What could be more adorable at Christmastime than the precious smile of a baby? Granted, the photo that ran with a front-page Cincinnati Enquirer story this week wasn't as compelling as the one accompanying this post. That's mainly because the mother featured in the article declined to let her daughter's face be photographed.
Still, the writer paints a warm-and-fuzzy picture of the little one way up high:
WITHAMSVILLE — Sitting on her mom’s lap, the 10-month-old toothless girl with twinkling blue eyes and chubby cheeks sports a wide smile as she gums a jingle bell Christmas tree ornament.
Ahhhhhhh, how sweet!
How, one might wonder, could such a cuddly subject inspire a reader who shared the link with GetReligion to declare it "a seriously loaded" piece of journalism?
Well, keep reading, and the "loaded" part arrives quickly enough:
The infant is Christa Dias’ greatest gift – and the reason she was fired from teaching jobs at two Cincinnati Catholic schools.
“I’ve always wanted to have a baby,” said Dias as she held her wish-come-true in her arms in their Withamsville home. “I’ve always known that. That’s why I became a teacher, because I love kids.
“I didn’t think it would be a problem.”
But it was for her employers, Holy Family and St. Lawrence schools in East Price Hill, who fired Dias in October 2010 because the single woman was 5½ months pregnant and wanted to discuss maternity leave. She is still unemployed.
So, it seems, the story has two sides: The loving mother and the villainous Catholic school officials.
The piece — part of a year-end series by the Enquirer revisiting local newsmakers of 2011 — recounts that the teacher was fired for being pregnant not by premarital sex, but as a result of artificial insemination.
Interestingly enough given the tone of the article itself — and to the newspaper's credit — these sidebar notes appeared on Page A1 beside the opening paragraphs:
CONTRACT CLAUSE DIAS AGREED TO WHEN HIRED
The teacher will “comply with and act consistently in accordance with the stated philosophy and teachings of the Roman Catholic Church and the policies and directives of the School and the Archdiocese.”
CATECHISM OF THE CATHOLIC CHURCH, SECTION 2376
"The gift of a child"
“Techniques that entail the dissociation of husband and wife, by the intrusion of a person other than the couple – donation of a sperm or ovum, surrogate uterus – are gravely immoral. These techniques – heterologous artificial insemination and fertilization – infringe the child’s right to be born of a father and mother known to him and bound to each other by marriage. They betray the spouses’ ‘right to become a father and a mother only through each other.’ ”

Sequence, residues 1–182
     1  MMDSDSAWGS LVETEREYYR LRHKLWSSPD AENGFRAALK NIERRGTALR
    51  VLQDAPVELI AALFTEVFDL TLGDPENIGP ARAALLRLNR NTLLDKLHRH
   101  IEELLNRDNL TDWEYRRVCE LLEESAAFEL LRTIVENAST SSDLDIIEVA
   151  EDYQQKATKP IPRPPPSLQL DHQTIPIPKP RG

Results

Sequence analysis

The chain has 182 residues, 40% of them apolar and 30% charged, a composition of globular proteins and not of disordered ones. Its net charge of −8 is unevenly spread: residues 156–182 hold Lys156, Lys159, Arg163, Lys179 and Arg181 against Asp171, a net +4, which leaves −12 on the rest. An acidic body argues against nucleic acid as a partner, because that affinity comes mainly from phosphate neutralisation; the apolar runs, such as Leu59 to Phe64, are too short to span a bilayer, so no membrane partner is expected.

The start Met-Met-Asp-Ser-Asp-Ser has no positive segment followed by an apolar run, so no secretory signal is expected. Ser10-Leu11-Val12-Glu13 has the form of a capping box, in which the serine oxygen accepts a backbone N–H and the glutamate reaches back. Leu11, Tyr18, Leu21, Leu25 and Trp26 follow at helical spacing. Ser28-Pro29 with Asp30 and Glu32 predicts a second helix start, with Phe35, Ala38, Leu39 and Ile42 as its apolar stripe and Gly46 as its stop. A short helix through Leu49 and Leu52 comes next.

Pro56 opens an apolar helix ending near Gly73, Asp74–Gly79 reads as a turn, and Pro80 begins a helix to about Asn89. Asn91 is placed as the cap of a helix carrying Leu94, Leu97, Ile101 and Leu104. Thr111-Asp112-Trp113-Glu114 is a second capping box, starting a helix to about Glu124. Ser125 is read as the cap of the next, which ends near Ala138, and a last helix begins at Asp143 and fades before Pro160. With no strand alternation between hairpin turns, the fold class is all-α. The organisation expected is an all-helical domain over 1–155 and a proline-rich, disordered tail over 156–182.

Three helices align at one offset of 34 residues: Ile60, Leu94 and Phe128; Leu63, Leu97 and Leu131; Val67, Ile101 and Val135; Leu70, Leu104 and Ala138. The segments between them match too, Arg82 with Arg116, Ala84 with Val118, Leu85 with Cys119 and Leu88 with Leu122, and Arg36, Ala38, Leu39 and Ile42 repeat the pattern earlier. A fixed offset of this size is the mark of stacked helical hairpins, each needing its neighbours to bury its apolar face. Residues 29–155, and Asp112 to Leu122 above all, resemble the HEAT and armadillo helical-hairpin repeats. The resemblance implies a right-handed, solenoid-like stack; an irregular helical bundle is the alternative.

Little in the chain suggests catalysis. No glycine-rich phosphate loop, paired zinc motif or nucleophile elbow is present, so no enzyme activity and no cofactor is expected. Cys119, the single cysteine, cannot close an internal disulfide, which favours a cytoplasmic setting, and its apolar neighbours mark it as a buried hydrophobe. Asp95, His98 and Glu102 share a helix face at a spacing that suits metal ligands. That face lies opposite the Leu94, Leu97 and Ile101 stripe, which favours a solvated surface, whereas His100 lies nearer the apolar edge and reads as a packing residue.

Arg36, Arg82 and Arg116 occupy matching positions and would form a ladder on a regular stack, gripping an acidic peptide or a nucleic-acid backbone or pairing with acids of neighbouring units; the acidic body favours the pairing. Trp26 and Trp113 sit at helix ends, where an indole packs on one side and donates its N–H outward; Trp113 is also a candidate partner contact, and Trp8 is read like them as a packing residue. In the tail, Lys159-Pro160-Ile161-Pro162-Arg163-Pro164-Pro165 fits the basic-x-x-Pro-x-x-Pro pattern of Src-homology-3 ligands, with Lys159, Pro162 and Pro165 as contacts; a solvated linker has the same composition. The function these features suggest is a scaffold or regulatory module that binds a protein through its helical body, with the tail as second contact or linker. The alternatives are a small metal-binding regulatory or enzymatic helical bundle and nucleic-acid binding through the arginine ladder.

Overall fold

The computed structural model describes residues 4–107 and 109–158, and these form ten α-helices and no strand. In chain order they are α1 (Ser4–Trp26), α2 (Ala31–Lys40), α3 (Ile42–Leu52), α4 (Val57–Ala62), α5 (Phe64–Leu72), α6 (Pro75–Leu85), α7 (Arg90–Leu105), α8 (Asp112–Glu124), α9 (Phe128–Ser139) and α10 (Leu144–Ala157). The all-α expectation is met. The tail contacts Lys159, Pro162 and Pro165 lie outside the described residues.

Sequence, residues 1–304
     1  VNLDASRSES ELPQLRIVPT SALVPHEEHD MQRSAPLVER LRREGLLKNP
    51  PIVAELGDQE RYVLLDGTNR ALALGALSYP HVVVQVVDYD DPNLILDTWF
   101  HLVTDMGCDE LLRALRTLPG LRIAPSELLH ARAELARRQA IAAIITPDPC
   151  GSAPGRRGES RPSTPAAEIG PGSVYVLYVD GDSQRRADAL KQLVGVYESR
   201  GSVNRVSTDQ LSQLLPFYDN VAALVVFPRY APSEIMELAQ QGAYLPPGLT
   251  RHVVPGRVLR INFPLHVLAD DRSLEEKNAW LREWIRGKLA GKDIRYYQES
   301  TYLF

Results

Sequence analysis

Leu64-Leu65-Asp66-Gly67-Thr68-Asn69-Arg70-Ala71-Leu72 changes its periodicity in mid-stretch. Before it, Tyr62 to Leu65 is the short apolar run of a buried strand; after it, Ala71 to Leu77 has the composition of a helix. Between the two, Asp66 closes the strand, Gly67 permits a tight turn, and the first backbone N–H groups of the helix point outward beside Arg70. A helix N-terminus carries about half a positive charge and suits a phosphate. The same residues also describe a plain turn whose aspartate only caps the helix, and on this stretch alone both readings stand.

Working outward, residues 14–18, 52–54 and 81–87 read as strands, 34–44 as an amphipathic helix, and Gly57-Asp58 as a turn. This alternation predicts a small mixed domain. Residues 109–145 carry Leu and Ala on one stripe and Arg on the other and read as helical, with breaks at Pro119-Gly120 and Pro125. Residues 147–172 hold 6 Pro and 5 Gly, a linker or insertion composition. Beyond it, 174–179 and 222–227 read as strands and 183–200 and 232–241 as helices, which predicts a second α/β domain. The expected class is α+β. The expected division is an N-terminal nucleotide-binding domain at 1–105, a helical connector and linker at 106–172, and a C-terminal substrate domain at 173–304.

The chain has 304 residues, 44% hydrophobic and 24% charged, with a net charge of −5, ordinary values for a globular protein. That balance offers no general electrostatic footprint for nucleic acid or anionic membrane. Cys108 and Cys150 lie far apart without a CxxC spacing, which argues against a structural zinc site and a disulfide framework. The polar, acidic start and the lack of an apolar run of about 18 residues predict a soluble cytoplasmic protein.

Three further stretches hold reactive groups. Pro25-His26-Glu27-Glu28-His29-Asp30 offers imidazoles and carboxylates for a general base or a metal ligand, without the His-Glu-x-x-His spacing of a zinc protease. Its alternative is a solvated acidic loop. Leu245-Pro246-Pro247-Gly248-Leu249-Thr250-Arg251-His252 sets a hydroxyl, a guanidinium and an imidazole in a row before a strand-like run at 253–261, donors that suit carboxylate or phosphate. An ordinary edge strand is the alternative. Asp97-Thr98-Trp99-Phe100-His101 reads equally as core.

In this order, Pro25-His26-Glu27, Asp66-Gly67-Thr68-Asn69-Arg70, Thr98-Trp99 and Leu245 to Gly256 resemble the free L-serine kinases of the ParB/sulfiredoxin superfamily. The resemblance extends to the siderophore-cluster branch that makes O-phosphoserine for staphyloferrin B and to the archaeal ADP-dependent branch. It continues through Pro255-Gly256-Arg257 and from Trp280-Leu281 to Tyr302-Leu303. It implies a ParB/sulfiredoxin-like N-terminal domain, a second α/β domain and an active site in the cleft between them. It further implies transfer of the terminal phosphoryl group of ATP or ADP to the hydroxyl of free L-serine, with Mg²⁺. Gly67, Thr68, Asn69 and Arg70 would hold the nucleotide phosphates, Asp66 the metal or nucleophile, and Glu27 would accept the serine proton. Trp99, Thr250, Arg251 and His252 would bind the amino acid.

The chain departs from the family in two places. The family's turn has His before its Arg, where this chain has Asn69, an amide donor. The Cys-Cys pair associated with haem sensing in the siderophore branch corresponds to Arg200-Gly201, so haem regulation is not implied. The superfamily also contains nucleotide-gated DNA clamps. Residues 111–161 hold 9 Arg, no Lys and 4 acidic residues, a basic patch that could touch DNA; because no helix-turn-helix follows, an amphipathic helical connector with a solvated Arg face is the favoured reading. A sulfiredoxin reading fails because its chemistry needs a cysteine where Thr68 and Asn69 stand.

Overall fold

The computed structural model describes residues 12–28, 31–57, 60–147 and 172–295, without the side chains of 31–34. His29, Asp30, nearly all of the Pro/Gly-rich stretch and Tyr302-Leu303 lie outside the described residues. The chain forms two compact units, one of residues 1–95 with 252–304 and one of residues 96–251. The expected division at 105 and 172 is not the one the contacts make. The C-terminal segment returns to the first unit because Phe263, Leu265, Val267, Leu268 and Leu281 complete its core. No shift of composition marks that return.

Case closed? Apparently not.
The story notes that the discrimination lawsuit the teacher filed in U.S. District Court in Cincinnati is on hold while the U.S. Supreme Court considers a similar case. However, the paper fails to provide any background at all on that case. I'm assuming it's the one involving a Lutheran school teacher that Mollie highlighted back in October.
Some background on the Supreme Court case would have improved the Enquirer story. Analysis by third-party legal experts on the key issues — both in the local case and the one before the high court — would have helped even more. Instead, the story quotes only the parties involved.
Meanwhile, readers learn:
Dias, 32, a Michigan native, isn’t Catholic but is Christian and attended Notre Dame College, a Catholic school in South Euclid, Ohio, on a volleyball scholarship.
Dias is Christian.
Unfortunately, that's the full extent of the background given on her faith. Would anyone besides me like to know what kind of Christian she is? Does she attend church? If so, where? What does she believe concerning artificial insemination? Was she aware of the Catholic Church's position before deciding to get pregnant?
Late in the story, the Enquirer abruptly introduces past allegations against the priest who fired the teacher:
Dias was fired by the Rev. James Kiffmeyer, who was suspended in 2002 after being accused of sexual misconduct with two male students at Fenwick High School, where Kiffmeyer was a teacher.
There was no criminal investigation because the men were 18 and adults at the time of the incidents in 1986 and 1990. The Archdiocese made a financial settlement with one accuser. The Vatican reviewed the cases but handed down no discipline.
Kiffmeyer, who denied the allegations, was reinstated in 2006 and then became pastor at Holy Family church.
“I would think Father Kiffmeyer would be more empathetic because of the judgment that he’s received from his past,” Dias said.
Is that background on Kiffmeyer relevant in this particular story? My first reaction is that it is not. It seems out of place and unrelated to the employment question in this story. But maybe I'm missing something.
The story, of course, ends the way it begins — warm and fuzzy:
Despite the fight, Dias is convinced she made the right decision.
“She’s such a gift,” Dias said of her daughter. “I wouldn’t have it any other way.”
“I am very happy. She’s an amazing gift from God. She’s amazing and wonderful. I would do it all over again for her.”
Baby photo via Shutterstock